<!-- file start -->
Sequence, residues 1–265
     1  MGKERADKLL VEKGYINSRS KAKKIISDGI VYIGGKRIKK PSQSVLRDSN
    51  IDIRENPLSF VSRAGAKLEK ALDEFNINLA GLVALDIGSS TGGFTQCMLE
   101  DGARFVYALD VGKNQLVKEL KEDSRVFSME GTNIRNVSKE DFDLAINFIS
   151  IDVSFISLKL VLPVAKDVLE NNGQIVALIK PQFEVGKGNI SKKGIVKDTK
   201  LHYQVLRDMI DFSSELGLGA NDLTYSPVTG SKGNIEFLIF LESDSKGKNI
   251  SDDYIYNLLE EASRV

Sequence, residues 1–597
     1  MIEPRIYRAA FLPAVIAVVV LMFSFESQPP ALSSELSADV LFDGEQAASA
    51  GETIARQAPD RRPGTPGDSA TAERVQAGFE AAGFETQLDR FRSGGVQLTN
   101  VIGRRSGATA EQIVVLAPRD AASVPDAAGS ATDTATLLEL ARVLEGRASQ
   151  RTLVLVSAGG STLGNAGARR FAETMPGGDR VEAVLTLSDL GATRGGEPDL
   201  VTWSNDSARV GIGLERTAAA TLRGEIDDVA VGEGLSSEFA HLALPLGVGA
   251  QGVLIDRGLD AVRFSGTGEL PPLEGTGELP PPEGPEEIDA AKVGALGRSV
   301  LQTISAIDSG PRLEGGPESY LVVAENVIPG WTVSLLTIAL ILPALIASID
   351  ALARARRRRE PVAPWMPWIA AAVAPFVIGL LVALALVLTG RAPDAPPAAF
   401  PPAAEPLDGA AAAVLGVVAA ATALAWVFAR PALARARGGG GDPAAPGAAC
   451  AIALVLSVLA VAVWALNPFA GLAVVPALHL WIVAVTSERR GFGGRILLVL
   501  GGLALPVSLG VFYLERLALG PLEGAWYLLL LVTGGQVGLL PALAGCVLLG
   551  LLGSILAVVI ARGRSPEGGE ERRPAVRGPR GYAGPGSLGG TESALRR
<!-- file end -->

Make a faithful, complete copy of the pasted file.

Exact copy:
Sequence, residues 1–265
     1  MGKERADKLL VEKGYINSRS KAKKIISDGI VYIGGKRIKK PSQSVLRDSN
    51  IDIRENPLSF VSRAGAKLEK ALDEFNINLA GLVALDIGSS TGGFTQCMLE
   101  DGARFVYALD VGKNQLVKEL KEDSRVFSME GTNIRNVSKE DFDLAINFIS
   151  IDVSFISLKL VLPVAKDVLE NNGQIVALIK PQFEVGKGNI SKKGIVKDTK
   201  LHYQVLRDMI DFSSELGLGA NDLTYSPVTG SKGNIEFLIF LESDSKGKNI
   251  SDDYIYNLLE EASRV

Sequence, residues 1–597
     1  MIEPRIYRAA FLPAVIAVVV LMFSFESQPP ALSSELSADV LFDGEQAASA
    51  GETIARQAPD RRPGTPGDSA TAERVQAGFE AAGFETQLDR FRSGGVQLTN
   101  VIGRRSGATA EQIVVLAPRD AASVPDAAGS ATDTATLLEL ARVLEGRASQ
   151  RTLVLVSAGG STLGNAGARR FAETMPGGDR VEAVLTLSDL GATRGGEPDL
   201  VTWSNDSARV GIGLERTAAA TLRGEIDDVA VGEGLSSEFA HLALPLGVGA
   251  QGVLIDRGLD AVRFSGTGEL PPLEGTGELP PPEGPEEIDA AKVGALGRSV
   301  LQTISAIDSG PRLEGGPESY LVVAENVIPG WTVSLLTIAL ILPALIASID
   351  ALARARRRRE PVAPWMPWIA AAVAPFVIGL LVALALVLTG RAPDAPPAAF
   401  PPAAEPLDGA AAAVLGVVAA ATALAWVFAR PALARARGGG GDPAAPGAAC
   451  AIALVLSVLA VAVWALNPFA GLAVVPALHL WIVAVTSERR GFGGRILLVL
   501  GGLALPVSLG VFYLERLALG PLEGAWYLLL LVTGGQVGLL PALAGCVLLG
   551  LLGSILAVVI ARGRSPEGGE ERRPAVRGPR GYAGPGSLGG TESALRR